The bril­liant yet tragic story of Willy Lo­man


IN truth, I had never seen or read any­thing by Arthur Miller be­fore, but af­ter watch­ing The Death Of A Sales­man – the spec­tac­u­lar Royal Ex­change The­atre pro­duc­tion fol­low­ing the bril­liant yet tragic story of Willy Lo­man di­rected by Sarah Frankcom, with Don War­ring­ton – I can see what I’ve been miss­ing.

The play be­gins with the main pro­tag­o­nist, Willy Lo­man, re­turn­ing from a busi­ness trip to find his two sons, Biff and Happy stay­ing at his home.

Biff has un­ex­pect­edly re­turned from the West and it is clear from the start that Biff and Willy have a strained re­la­tion­ship; there is love there, deep down, but also bit­ter­ness and re­sent­ment.

Willy has been work­ing as a sales­man on the road for 36 years, striv­ing for suc­cess and achiev­ing the ‘Amer­i­can Dream’, but has be­come blind to re­al­ity.

He has be­come ob­so­lete in this new world which he can’t keep up with and that has no need for him any more – strug­gling to ac­cept this, he hides be­hind il­lu­sions, pre­tend­ing he is thriv­ing in busi­ness to save his rep­u­ta­tion.

Themes of re­al­ity and il­lu­sion, lies and abuse, suc­cess and fail­ure and hope and cyn­i­cism all weave their way through­out the plot, dis­play­ing how we must ac­cept change in or­der to sur­vive – ex­actly what Willy re­fuses to do.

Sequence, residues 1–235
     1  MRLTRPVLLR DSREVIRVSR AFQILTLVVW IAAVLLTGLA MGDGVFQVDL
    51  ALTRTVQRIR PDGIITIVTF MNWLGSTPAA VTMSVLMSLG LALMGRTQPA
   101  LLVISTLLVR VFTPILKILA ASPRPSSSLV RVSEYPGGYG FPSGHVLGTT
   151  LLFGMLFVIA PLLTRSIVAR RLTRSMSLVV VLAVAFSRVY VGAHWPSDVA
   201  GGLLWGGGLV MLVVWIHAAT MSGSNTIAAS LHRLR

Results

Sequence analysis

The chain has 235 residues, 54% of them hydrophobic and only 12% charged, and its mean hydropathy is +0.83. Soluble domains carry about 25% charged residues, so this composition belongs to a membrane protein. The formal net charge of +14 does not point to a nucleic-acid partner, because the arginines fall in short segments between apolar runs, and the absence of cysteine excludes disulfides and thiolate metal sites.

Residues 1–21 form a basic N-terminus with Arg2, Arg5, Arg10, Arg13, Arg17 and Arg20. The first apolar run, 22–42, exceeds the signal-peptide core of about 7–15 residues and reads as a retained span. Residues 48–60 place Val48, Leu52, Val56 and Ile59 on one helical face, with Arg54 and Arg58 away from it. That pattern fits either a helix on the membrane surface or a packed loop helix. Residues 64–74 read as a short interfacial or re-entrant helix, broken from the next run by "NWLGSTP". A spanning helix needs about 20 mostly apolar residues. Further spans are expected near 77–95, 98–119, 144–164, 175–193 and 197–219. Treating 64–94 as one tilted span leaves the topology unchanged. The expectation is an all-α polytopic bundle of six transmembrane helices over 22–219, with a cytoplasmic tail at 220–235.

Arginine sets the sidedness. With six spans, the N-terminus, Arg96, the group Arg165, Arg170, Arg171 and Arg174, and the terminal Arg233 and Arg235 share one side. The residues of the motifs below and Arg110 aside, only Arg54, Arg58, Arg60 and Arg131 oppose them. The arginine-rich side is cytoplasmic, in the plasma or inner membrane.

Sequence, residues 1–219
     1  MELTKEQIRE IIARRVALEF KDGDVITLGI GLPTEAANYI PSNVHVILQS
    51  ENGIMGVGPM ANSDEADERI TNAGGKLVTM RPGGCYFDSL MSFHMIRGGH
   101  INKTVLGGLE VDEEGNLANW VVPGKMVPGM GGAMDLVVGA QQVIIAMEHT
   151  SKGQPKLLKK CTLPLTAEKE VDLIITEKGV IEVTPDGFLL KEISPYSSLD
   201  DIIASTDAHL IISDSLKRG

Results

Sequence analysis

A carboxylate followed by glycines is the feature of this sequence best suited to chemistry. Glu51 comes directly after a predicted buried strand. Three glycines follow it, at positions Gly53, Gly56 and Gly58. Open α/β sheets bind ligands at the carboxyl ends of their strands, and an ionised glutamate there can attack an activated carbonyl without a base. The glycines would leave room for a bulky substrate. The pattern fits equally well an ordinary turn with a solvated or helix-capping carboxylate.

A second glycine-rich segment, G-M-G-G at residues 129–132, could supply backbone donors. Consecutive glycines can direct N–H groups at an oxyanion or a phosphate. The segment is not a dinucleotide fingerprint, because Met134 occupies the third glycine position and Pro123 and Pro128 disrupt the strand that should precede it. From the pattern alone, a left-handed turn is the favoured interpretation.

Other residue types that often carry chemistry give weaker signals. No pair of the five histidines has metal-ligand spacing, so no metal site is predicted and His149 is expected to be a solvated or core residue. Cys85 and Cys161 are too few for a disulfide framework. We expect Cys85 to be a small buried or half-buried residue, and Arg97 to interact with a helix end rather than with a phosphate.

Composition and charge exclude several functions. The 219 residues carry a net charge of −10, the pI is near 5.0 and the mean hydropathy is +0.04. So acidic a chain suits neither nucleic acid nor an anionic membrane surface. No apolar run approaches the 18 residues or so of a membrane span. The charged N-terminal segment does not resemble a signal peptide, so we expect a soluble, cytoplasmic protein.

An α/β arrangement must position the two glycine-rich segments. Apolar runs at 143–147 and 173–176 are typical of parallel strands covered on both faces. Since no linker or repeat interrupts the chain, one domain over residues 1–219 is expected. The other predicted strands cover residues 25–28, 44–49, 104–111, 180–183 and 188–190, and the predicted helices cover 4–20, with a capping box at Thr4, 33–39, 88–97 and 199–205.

What el­e­vated the play even more, be­sides from the in­cred­i­bly in­sight­ful plot, was the use of sound ef­fects and light­ing in and in be­tween the scenes and the seam­less changes be­tween past and present to high­light Willy’s emo­tions and men­tal de­cline.

Don War­ring­ton’s por­trayal of Willy is ex­cep­tional; he per­fectly cap- tures the essence of Willy and de­picts all his dif­fer­ent lay­ers; from be­ing lost and alone, to an­gry and bit­ter, to stub­born but hard-work­ing.

In the end, it is dif­fi­cult to de­ter­mine whether Willy is a good or bad man, or whether to feel sorry for him or be an­gry with his stub­born­ness.

One thing is for sure though, I found this play to be re­mark­ably thought­pro­vok­ing and per­cep­tive.

I now see why Win­ner of the Pulitzer Prize for Drama and Tony Award for Best Play, Death Of A Sales­man is con­sid­ered one of the great­est plays of the 20th Cen­tury.

Don War­ring­ton as Willy Lo­man in The Death Of A Sales­man

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